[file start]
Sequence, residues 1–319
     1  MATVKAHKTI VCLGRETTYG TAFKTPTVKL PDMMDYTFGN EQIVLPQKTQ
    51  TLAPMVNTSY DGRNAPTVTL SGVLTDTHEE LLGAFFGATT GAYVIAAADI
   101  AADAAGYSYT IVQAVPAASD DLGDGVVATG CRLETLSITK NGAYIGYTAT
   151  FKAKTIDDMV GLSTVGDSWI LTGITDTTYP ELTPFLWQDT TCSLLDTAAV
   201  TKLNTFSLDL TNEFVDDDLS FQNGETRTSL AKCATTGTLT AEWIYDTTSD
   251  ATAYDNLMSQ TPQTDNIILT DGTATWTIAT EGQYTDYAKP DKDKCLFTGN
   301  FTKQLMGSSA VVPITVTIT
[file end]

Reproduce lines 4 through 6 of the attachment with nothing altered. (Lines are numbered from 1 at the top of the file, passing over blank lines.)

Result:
   101  AADAAGYSYT IVQAVPAASD DLGDGVVATG CRLETLSITK NGAYIGYTAT
   151  FKAKTIDDMV GLSTVGDSWI LTGITDTTYP ELTPFLWQDT TCSLLDTAAV
   201  TKLNTFSLDL TNEFVDDDLS FQNGETRTSL AKCATTGTLT AEWIYDTTSD